The recent immunization campaign in El Salvador has been a success despite the civil war. Both the government and the guerrillas agreed that the goal of immunizing children was an ideal transcending all differences, and that immunization should be taken to all parts of the country and all Salvadorian children. The campaign had the personal support of the head of state, the church, UNICEF, PAHO/WHO, ICRC and other organizations who worked with the parties to implement the campaign. The 3 national immunization days, held on February 3, March 3, and April 21, 1985 were transformed into days of tranquillity. This article describes how the campaign was organized and presents an assessment of its achievements. An executive committee was created and both UNICEF and PAHO/WHO took part in its meetings. Specific commissions handled channeling, training, supplies, the cold chain, information and evaluation, and promotion and education. The plan of action proposed that all branches of government and the private sector support the immunization campaign and a national support council was establish for this purpose. The original goal was to immunize 400,000 children under 3 years of age against diphtheria, pertussis, tetanus, polio, and measles. The goal was extended to cover children under 5 years of age. Funding was provided from both public and private organizations. Reasons the campaign was a success despite war conditions include: the campaign was backed by political commitment; the mechanisms created to implement the campaign functioned smoothly; mobilizing the media generated a change in opinion and attitude. The campaign rested on solid technical and political foundations. It reached 87% of children under 5 in the area.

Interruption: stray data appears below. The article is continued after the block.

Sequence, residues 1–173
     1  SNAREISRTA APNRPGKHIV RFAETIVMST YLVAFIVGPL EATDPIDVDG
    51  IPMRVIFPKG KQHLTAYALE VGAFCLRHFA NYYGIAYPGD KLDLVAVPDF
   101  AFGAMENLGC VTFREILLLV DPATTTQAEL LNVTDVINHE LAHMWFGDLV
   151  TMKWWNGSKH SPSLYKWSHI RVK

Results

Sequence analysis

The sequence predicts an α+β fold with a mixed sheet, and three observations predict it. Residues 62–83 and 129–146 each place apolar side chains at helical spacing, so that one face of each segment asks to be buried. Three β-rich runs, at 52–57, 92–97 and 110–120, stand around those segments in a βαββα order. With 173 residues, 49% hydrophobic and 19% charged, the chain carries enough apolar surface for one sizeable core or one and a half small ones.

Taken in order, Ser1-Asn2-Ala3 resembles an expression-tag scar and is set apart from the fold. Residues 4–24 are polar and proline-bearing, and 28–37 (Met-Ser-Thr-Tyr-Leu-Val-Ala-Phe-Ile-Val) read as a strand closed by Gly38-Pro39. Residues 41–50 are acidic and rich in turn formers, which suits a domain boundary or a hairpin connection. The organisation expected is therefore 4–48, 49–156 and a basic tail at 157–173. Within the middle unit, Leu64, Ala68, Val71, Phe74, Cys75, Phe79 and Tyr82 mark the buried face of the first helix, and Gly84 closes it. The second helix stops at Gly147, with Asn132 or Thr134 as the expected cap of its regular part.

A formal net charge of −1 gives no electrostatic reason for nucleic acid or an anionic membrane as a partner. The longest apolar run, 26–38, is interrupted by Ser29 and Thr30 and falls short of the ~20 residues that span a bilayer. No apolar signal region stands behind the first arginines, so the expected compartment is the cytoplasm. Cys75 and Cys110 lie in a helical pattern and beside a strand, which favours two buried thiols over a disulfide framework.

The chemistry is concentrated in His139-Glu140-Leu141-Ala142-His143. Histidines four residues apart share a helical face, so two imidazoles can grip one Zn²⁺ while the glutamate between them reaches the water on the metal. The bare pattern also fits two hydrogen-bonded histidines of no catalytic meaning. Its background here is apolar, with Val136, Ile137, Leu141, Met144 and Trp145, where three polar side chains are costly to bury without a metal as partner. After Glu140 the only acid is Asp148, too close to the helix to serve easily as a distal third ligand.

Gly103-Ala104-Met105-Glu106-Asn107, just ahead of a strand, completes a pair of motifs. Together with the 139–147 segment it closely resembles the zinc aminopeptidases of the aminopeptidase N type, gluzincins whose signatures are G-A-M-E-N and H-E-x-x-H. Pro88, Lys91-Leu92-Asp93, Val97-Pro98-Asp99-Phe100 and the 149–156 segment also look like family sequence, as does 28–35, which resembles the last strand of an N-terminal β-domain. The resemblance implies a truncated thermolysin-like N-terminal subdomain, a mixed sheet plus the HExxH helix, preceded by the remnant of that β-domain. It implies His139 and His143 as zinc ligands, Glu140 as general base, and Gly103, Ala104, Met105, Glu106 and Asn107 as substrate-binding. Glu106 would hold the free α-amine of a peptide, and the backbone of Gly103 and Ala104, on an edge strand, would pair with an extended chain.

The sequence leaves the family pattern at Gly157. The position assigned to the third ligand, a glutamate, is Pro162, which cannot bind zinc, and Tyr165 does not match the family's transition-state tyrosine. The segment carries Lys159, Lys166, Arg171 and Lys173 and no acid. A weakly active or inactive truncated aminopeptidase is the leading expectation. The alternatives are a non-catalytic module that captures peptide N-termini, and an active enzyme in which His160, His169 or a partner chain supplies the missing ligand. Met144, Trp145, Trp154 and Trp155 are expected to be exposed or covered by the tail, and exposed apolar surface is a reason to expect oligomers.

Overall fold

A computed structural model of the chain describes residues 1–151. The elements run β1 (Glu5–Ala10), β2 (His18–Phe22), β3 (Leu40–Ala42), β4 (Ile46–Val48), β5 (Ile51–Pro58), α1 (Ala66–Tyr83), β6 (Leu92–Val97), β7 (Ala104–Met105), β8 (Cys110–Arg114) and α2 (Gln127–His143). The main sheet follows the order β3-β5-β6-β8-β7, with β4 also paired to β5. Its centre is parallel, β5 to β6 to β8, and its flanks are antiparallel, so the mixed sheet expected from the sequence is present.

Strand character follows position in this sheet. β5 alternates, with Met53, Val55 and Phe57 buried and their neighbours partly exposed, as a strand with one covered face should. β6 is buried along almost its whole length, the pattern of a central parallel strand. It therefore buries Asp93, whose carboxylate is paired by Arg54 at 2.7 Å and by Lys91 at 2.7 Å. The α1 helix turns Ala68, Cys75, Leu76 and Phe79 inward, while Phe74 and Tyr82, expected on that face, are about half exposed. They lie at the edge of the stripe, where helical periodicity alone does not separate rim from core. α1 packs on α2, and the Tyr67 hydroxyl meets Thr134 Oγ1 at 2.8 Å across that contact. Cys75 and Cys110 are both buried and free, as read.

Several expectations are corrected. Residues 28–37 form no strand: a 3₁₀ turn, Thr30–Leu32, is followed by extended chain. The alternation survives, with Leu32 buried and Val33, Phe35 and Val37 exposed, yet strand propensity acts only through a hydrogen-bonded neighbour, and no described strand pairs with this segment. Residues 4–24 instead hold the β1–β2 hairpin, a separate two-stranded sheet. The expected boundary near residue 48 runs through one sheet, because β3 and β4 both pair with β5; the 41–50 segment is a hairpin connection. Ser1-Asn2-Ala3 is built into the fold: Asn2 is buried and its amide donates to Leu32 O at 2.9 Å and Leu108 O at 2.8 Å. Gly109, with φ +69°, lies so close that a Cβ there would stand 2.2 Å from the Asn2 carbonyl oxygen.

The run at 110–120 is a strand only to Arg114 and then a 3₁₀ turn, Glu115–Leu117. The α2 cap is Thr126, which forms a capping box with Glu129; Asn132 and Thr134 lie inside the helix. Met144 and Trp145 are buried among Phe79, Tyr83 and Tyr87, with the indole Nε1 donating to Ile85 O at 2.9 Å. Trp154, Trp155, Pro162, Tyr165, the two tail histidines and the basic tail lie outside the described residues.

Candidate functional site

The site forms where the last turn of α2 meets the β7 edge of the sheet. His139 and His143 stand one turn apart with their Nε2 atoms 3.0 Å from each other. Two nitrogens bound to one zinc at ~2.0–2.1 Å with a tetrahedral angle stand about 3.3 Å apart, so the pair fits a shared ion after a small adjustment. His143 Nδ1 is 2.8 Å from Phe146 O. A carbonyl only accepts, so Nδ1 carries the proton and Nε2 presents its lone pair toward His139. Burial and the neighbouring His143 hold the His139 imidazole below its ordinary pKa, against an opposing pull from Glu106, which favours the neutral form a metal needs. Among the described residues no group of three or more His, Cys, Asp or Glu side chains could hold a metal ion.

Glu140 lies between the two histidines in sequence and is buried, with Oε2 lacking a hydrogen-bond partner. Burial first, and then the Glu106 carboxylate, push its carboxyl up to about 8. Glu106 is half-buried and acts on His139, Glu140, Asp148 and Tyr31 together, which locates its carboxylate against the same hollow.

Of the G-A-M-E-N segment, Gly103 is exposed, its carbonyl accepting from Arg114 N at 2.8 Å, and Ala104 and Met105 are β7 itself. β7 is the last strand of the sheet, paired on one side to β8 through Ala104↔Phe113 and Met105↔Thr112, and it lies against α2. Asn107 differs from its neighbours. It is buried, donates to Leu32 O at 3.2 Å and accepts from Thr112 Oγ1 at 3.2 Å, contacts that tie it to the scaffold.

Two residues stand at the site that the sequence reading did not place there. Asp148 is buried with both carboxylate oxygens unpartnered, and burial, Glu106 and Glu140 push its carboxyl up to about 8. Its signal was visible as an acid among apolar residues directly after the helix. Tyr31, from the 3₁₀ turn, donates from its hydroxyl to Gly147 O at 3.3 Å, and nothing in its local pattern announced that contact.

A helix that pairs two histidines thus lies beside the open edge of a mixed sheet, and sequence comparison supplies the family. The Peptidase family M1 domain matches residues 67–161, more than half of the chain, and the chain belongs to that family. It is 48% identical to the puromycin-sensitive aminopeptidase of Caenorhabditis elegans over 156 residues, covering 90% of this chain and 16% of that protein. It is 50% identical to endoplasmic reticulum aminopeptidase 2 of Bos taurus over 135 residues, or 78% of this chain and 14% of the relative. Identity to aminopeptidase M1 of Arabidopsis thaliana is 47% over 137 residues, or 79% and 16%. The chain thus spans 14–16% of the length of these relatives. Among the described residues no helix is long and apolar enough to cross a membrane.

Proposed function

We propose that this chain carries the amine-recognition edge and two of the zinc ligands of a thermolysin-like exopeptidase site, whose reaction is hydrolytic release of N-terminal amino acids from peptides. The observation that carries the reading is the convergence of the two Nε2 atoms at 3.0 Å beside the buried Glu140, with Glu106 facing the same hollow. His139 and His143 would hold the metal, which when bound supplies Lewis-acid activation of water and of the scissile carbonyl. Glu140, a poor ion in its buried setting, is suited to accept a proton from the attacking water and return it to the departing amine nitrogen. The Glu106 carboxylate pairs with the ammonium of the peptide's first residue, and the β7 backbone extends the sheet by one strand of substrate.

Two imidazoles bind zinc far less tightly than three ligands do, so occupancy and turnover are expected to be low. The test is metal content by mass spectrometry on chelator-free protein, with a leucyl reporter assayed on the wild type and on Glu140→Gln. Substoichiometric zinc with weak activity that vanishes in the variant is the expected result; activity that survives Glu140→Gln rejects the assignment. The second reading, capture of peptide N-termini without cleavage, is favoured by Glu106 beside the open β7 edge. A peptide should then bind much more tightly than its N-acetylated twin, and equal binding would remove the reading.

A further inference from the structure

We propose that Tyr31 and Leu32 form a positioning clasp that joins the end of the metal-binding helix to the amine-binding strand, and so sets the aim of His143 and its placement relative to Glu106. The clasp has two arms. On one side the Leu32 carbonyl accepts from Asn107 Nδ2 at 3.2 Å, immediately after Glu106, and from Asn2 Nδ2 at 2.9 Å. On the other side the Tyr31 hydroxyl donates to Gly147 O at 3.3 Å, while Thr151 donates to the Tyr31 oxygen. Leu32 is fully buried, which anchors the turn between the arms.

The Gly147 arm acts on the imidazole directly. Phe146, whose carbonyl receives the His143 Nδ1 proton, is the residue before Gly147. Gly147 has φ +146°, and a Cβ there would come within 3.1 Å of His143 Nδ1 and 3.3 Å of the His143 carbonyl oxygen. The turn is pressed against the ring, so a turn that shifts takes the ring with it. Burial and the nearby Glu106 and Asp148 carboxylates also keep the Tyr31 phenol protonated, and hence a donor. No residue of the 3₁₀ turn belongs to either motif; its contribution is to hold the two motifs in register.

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  5. 5
    034927

    Private sector family planning.

    Krystall E

    Populi. 1985; 12(3):34-9.